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    • "Several studies utilize regression techniques to estimate the covariate-adjusted association between the length of a year spent uninsured with a variety of access to care outcomes, including having a usual source of care provider, delaying needed medical and dental care, and experiencing an unmet need (Aiken, Freed, and Davis, 2004; Cassedy, Fairbrother, and Newacheck, 2008; DeVoe et al., 2008; Halterman et al., 2008; Olson, Tang, and Newacheck, 2005). An additional study (Leininger, 2009) uses a child-level fixed effects methodology in which each child serves as her own control, providing an especially strong test of the relationship between lack of coverage over the year and access to care outcomes among children . These studies employ a wide variety of pediatric samples, including nationally representative pediatric populations culled from large population-based surveys such as the National Health Interview Survey, the Medical Expenditure Survey and the National Survey of Child Health, in addition to samples drawn from low-income pediatric populations and samples drawn from children with specific disease conditions (e.g., asthma). "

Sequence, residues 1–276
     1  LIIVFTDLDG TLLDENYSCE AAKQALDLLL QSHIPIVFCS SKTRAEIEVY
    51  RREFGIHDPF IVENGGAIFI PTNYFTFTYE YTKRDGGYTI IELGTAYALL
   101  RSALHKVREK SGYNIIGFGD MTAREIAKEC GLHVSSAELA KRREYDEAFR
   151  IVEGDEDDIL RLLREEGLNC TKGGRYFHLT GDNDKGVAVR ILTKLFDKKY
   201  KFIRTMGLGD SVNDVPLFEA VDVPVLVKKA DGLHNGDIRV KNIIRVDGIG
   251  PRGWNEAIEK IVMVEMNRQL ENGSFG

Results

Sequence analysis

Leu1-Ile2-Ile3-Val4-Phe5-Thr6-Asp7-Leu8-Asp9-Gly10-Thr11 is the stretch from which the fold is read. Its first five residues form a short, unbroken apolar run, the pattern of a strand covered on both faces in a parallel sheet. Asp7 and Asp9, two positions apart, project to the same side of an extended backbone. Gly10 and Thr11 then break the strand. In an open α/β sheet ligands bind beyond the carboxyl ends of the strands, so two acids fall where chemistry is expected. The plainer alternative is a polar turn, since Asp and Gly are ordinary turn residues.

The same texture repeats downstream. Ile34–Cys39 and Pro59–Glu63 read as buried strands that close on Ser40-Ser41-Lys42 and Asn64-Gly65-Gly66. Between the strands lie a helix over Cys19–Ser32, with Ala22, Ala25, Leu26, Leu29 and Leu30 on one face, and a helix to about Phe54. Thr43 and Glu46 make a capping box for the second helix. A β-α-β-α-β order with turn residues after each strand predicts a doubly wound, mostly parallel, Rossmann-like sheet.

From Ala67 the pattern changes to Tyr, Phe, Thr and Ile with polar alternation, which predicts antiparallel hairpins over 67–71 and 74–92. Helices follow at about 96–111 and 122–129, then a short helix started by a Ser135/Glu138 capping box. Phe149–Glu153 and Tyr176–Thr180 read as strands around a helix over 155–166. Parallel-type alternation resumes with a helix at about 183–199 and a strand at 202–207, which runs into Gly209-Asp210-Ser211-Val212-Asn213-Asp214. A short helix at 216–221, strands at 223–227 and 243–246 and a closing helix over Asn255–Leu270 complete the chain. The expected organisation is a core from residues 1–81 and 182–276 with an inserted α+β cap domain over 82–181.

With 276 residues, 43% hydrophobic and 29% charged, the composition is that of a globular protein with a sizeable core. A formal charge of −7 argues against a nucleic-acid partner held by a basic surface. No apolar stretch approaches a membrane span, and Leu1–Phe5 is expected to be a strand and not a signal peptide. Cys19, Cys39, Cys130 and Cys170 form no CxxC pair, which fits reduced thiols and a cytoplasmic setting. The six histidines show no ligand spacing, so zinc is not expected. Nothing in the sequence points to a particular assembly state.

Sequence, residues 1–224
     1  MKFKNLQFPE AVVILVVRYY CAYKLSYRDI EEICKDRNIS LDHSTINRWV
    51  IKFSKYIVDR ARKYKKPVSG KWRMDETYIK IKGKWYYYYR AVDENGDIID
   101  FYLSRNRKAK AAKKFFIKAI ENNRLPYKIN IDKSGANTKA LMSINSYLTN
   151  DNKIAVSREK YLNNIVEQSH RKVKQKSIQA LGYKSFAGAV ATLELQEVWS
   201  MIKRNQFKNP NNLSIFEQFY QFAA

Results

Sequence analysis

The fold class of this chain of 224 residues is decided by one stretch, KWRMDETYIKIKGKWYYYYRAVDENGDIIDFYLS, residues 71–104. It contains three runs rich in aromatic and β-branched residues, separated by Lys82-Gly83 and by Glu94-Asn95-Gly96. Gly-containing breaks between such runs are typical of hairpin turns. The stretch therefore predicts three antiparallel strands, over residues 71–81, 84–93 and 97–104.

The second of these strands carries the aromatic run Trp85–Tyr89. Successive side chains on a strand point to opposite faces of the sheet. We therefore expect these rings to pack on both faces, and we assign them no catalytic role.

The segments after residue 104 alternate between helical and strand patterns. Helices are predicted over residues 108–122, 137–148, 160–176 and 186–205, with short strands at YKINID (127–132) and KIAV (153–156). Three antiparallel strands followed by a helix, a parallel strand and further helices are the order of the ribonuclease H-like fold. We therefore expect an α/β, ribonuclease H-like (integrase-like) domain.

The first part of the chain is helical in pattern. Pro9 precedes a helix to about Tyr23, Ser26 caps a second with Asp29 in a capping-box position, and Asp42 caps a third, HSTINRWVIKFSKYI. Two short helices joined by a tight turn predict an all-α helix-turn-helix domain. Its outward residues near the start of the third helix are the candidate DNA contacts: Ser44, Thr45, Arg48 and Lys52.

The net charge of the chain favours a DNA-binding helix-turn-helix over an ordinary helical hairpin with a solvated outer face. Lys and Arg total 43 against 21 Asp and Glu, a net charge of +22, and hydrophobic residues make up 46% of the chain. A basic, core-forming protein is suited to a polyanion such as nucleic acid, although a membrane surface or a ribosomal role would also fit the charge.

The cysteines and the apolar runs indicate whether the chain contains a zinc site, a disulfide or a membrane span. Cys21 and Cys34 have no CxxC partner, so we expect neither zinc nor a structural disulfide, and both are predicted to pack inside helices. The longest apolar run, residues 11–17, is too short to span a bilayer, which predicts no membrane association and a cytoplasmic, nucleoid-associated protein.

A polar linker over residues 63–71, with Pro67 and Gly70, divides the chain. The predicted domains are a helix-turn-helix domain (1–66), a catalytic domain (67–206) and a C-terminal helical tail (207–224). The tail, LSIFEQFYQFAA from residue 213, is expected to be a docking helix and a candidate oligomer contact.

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    ABSTRACT: This article employs a comparison group research design to examine the effects of the Medicaid expansions of the late 1990s on the insurance coverage of poor teenagers. Results suggest that the expansions were associated with a decrease in the likelihood of poor teens experiencing uninsured spells over the course of a calendar year, as measured by spending any part of the prior year uninsured and spending over half of the prior year uninsured. While the expansions were successful in increasing coverage among poor adolescents, they fell far short of facilitating near-universal coverage for this population.